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Proving a Parent is Unfit Will Not Terminate Parental Rights

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blog-logoLet’s face it; divorce is messy.  Unfortunately, the children of divorce often become leverage that one parent tries to use against the other.  For example, it’s tempting for parents who are embittered by the end of their marital relationship to “punish” each other in a custody battle.  Some may even go so far as trying to terminate the parental rights of the other parent. 

One of the tactics used by some Colorado custody lawyers is to prove the other parent unfit. While there are certainly some cases where this strategy makes sense, it can be very damaging when used as a way to gain leverage, and the best family court judges can usually see through it.  But even in the rare case where a parent is declared “unfit” for shared custody, they are rarely prevented from having a relationship with the children.  What may happen instead is limited parenting time or supervised visitation. 

However, there are cases where the behavior of a parent goes beyond “unfit” and a court may choose to terminate their parental rights. For this to occur, the parent in question must have proven incidents of abuse or neglect toward the children, or other actions that could endanger the child’s safety.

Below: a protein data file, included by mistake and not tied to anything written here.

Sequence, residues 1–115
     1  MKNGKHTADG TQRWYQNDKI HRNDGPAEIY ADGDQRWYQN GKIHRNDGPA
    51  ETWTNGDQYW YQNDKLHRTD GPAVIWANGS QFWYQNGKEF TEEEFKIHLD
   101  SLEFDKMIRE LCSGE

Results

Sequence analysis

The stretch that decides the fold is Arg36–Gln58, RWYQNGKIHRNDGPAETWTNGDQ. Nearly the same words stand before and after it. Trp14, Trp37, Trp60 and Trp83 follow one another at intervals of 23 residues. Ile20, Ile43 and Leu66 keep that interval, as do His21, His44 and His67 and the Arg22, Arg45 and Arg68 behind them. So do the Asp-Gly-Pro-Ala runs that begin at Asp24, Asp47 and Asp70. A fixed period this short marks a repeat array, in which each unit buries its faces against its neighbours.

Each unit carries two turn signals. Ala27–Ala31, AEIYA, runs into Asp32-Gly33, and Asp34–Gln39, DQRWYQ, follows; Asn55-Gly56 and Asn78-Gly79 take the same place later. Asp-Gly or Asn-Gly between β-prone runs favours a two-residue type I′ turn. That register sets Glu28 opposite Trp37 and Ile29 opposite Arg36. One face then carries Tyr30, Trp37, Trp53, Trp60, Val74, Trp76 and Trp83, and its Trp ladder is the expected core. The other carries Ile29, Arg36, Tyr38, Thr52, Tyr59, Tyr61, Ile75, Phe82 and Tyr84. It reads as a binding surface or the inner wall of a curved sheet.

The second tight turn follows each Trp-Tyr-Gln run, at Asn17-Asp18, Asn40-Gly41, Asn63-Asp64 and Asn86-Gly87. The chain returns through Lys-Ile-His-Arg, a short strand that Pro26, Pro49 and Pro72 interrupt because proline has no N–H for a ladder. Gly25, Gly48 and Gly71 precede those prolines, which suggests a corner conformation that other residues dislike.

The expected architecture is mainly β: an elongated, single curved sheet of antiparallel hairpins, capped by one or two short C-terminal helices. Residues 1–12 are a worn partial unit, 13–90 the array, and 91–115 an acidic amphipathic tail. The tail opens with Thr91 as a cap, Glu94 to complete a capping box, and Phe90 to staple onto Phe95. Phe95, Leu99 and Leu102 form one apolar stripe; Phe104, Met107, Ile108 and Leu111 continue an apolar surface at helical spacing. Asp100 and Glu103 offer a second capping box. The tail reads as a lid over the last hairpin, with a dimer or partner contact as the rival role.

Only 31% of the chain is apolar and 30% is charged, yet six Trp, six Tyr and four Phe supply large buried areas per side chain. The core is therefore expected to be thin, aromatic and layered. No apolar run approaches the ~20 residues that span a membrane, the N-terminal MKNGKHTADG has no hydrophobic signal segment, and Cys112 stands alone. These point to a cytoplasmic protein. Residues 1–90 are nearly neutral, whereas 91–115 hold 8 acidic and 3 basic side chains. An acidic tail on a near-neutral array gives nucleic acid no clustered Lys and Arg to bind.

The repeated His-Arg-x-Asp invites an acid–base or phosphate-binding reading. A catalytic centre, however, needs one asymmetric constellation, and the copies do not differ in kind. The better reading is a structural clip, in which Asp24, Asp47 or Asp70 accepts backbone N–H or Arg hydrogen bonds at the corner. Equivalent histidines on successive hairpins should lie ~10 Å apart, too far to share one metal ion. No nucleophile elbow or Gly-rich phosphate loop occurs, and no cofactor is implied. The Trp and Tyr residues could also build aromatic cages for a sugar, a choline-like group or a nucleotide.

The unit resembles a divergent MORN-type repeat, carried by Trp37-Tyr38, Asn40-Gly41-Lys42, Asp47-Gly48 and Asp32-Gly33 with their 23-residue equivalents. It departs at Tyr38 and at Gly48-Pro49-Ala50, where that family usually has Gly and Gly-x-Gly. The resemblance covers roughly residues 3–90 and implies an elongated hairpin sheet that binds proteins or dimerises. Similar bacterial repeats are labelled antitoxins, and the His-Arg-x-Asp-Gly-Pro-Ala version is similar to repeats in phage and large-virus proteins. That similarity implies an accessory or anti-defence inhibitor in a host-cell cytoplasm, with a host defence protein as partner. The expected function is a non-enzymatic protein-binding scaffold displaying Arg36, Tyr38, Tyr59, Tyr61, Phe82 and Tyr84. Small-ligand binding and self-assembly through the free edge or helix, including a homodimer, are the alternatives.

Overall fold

Proving a parent to be “unfit” may not be easy.

If you are attempting to prove in a custody hearing that the other parent is unfit, then be prepared to do your research.  The court will need to see documentation of your claims, including any criminal history, drug abuse, domestic violence or other allegations that point toward unsavory activities.  Next, they will request a psychological evaluation of the parent, and possibly the child as well.  The child’s medical records and other backup information will be subpoenaed by the court, and external caregivers may be asked to testify. 

Based on one parent’s allegations in a custody hearing, and with little evidence to back it up, a Colorado court will rarely declare that a parent is unfit.  Similarly, without the proper documentation and evidence, a court cannot attempt to terminate parental rights.

If you are facing a nasty custody battle in Colorado, or you are trying to terminate the parental rights of an abusive parent, the parenting rights attorneys at the Marrison Family Law LLC can help.  Contact them today for a free consultation.

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Owner and Principle Attorney at Marrison Family Law in Colorado Springs, 1978 - present
I have been a lawyer for over thirty years, and the aspect I enjoy most about Family Law is helping my clients enter a new chapter of their lives. I have the experience to handle a broad spectrum of cases, from the most contested and complex divorces to handling smooth settlement agreement which allows the clients to transition to their new life with confidence and security.